Movies

Alexander ParkesAlexander Parkes

Movies

The chemistry of film required a series of breakthroughs involving basic materials, different chemical solutions, and exposure to light. In 1855, Alexander Parkes developed Parkesine - the first thermoplastic - a celluloid, a fundamental component of photographic films.


In 1927, The Jazz Singer became the first feature-length movie to synchronize singing and dialogue. By the late 1930s, processes of the firm Technicolor had been refined and the first color features were a big draw.


The showbill of the first feature-length movie, The Jazz Singer, with synchronized singing and dialogueThe showbill of the first feature-length movie, The Jazz Singer, with synchronized singing and dialogue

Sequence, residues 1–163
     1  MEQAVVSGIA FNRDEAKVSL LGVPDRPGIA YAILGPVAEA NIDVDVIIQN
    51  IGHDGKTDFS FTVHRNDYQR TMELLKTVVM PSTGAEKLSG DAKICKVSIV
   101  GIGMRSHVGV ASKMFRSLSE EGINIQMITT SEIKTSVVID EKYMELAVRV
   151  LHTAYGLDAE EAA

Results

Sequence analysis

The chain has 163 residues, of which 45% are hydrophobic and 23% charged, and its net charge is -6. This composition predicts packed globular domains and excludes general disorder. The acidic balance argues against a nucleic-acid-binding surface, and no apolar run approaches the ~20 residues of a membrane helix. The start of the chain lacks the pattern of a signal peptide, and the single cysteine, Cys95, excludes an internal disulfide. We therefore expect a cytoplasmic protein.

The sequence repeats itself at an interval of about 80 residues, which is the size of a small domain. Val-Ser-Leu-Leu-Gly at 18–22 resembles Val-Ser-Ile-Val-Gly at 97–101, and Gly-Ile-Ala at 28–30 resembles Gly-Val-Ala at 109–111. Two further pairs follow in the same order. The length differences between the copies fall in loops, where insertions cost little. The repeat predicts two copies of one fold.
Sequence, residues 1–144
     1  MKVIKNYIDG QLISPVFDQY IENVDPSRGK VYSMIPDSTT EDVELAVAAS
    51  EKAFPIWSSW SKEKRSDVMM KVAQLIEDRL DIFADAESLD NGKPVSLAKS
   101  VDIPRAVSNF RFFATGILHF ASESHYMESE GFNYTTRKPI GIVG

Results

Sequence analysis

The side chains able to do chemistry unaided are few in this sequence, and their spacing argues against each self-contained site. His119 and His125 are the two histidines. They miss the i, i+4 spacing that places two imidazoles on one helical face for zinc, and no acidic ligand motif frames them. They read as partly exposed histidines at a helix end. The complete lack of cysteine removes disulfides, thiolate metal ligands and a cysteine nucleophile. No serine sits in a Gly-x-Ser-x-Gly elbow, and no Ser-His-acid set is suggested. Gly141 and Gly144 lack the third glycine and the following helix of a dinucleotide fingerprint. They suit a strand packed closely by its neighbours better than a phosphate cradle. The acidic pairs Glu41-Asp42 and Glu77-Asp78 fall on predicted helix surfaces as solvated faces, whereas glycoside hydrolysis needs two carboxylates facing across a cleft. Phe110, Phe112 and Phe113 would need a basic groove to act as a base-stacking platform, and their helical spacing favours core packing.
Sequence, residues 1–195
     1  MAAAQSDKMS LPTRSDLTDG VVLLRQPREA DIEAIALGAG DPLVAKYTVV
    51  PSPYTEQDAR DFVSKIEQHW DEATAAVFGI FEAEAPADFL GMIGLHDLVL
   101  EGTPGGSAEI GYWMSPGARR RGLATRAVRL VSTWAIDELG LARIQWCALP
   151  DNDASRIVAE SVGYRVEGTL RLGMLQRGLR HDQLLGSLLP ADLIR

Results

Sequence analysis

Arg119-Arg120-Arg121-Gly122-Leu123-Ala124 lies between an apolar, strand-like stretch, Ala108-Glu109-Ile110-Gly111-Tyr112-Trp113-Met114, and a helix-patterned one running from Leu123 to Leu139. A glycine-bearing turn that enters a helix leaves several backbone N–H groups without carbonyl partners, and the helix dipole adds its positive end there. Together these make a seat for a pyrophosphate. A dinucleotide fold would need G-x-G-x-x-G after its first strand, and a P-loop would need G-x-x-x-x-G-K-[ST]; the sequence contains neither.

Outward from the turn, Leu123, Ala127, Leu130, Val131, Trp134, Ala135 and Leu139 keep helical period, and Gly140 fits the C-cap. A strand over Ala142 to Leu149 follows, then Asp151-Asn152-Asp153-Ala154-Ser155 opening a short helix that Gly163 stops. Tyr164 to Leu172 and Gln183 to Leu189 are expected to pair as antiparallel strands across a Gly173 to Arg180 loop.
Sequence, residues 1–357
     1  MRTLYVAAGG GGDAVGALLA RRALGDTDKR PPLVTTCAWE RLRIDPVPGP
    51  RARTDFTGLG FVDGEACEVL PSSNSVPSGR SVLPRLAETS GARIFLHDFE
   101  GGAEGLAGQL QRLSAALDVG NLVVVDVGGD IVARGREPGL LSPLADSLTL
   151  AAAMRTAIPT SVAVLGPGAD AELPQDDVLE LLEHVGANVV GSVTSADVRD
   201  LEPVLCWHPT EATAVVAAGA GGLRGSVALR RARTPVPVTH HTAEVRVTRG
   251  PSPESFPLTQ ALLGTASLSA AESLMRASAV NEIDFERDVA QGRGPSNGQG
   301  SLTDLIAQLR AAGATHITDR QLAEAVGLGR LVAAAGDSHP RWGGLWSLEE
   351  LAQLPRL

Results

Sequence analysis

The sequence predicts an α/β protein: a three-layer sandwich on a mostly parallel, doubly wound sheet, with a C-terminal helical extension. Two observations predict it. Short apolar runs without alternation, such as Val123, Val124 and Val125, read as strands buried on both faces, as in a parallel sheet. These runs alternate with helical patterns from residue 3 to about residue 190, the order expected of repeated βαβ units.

Did you know?

Kinemacolor was the first successful color motion picture process, used commercially from 1908 to 1914. It was invented by George Albert Smith of Brighton, England in 1906. His process It was a two-color additive color process, photographing and projecting a black-and-white film behind alternating red and cyan filters.